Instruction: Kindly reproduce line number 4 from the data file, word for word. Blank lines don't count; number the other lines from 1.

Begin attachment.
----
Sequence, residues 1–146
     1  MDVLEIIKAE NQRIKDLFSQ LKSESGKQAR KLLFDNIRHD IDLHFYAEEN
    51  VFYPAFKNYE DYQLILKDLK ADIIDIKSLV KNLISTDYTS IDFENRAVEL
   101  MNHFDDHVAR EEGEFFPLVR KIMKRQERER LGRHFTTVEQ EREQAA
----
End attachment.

   101  MNHFDDHVAR EEGEFFPLVR KIMKRQERER LGRHFTTVEQ EREQAA